Former longtime Fox News personality Eric Bolling is set to join conservative media outlet Newsmax beginning Monday, working first as a guest host on network programming and then as the host of his own show starting in July, according to The Hill.
In confirming the news, Newsmax CEO Chris Ruddy said that Bolling is “a consummate media professional who isn’t afraid to ask tough questions, get provocative answers and challenge establishment thinking.”
As Deadline noted, Bolling was a popular host at Fox News up until 2017 when he departed the network amid a sexual harassment controversy in which it was claimed he sent lewd photos to women at the network, though he denied the allegations made against him.
Bolling subsequently moved to Sinclair Broadcasting Group, where he remained until January of this year. At that time, Sinclair announced its decision to cancel Bolling’s Sunday show America This Week with Eric Bolling and said that the host had “decided to pursue other professional opportunities,” according to The Hill.
After that, Bolling teamed up with legendary former NFL quarterback Brett Favre for a podcast series entitled Bolling with Favre, in which the two discussed everything from politics to sports, business to culture as part of LiveXLive’s PodcastOne.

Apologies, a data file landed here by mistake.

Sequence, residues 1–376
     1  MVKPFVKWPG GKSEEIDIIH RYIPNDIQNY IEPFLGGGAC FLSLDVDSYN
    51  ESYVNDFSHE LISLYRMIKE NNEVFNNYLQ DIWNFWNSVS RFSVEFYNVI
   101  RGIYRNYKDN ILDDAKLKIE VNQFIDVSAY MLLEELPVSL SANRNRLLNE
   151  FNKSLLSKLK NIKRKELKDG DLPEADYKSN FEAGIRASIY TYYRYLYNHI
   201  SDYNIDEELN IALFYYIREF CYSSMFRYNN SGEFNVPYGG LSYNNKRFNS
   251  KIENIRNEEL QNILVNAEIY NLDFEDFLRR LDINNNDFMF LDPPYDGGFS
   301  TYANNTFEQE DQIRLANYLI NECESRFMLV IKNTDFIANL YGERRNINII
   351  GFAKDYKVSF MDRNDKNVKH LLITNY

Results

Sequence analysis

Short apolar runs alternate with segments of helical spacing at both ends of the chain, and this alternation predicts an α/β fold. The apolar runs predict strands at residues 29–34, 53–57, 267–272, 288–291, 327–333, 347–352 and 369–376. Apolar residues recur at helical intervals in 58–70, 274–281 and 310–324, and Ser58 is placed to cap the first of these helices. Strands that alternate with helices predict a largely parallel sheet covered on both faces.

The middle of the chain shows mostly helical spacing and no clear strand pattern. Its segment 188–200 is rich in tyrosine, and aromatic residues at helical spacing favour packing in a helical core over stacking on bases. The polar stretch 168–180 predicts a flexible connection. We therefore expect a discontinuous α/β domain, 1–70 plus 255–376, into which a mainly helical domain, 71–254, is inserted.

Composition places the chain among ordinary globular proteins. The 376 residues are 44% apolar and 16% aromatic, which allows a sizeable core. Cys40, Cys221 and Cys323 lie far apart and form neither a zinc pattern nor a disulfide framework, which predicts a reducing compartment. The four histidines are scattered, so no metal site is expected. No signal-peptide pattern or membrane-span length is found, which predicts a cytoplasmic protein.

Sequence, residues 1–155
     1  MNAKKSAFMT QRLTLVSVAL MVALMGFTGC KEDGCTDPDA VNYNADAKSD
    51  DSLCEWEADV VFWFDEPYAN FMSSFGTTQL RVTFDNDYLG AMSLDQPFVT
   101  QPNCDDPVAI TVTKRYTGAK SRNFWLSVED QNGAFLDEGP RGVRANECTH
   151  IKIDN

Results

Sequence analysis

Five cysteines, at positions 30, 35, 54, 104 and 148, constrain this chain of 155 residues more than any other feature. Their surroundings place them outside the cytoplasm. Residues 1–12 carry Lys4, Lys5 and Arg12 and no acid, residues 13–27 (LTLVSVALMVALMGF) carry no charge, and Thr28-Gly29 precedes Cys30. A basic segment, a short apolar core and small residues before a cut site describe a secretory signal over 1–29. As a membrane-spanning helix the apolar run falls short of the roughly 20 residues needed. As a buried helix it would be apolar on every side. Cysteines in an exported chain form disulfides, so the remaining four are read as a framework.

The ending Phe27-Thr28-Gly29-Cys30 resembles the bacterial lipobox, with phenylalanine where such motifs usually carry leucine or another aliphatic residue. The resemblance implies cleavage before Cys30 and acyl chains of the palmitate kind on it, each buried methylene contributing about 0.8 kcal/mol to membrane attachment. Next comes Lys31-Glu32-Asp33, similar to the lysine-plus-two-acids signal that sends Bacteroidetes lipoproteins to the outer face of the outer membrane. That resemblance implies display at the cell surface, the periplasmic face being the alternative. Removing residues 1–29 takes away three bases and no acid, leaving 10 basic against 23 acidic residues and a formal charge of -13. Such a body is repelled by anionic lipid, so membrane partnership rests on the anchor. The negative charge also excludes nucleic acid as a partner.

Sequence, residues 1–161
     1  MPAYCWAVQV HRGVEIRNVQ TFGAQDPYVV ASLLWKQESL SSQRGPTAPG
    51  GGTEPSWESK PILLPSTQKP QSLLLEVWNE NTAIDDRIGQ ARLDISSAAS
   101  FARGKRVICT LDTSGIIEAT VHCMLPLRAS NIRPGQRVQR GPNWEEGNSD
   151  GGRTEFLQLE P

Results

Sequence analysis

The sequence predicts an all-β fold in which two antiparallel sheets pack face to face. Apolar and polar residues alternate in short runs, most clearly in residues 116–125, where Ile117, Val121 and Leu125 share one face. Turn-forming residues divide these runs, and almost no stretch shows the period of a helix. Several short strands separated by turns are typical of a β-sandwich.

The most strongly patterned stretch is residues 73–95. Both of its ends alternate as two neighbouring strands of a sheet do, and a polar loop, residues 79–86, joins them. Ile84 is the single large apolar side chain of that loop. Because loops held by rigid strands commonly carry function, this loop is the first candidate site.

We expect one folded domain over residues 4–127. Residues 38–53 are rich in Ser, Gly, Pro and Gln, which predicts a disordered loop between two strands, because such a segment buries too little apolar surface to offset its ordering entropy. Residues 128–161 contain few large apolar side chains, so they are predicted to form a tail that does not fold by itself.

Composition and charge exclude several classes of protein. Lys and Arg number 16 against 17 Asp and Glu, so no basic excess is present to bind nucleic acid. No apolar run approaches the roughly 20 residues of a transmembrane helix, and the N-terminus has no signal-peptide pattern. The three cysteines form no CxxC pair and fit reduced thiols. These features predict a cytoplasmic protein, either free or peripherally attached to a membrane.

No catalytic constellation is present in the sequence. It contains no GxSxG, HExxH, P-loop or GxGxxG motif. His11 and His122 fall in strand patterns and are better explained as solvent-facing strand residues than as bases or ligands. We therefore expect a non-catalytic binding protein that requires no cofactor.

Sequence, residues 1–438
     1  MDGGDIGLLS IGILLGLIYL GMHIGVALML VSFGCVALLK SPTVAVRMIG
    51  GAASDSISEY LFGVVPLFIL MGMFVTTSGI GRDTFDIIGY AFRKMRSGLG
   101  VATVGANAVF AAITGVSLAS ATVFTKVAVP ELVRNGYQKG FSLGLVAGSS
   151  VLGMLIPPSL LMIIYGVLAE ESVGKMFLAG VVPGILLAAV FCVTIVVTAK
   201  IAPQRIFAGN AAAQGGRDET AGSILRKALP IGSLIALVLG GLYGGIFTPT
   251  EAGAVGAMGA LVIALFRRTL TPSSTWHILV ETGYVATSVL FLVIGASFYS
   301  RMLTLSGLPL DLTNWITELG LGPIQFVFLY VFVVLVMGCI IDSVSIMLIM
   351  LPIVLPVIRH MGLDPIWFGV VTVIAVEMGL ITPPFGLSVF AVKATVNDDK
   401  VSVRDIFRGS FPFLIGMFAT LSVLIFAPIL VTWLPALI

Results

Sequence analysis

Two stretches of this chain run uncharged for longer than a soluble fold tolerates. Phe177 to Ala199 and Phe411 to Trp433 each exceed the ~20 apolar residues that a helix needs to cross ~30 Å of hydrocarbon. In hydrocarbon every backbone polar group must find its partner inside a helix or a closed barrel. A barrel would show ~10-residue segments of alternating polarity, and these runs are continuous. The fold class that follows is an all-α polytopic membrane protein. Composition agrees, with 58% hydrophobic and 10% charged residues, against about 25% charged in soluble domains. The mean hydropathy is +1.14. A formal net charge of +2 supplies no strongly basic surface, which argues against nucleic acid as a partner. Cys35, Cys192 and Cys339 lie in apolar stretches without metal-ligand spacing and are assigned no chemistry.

In discussing the new venture, Bolling declared, “Like myself, Newsmax is concerned with the direction that Big Tech and Big Corporate Media have taken journalism and our nation. I’m excited to join an organization that delivers programming you can trust.”
Bolling is also known for the foundation he created following the death of his son, also named Eric, to a fentanyl overdose back in 2017. The Eric Chase Foundation works to provide funding for opioid abuse education as well as “advocacy for new regulations and best practices,” according to its website.
As someone who calls South Carolina home, Bolling recently toyed with the idea of pursuing a primary election challenge of Republican Rep. Nancy Mace, who has made headlines for her harsh criticisms of former President Donald Trump. While he said he had “been absolutely inundated by people here in this district” asking him to run for the congressional seat, Bolling ultimately decided that “it’s too soon after the passing of [his] son to get into politics,” as Politico noted.
Voracious consumers of conservative media will surely be ready and willing to tune in in the coming weeks and see what Bolling has to offer in this latest chapter of his long and impressive career.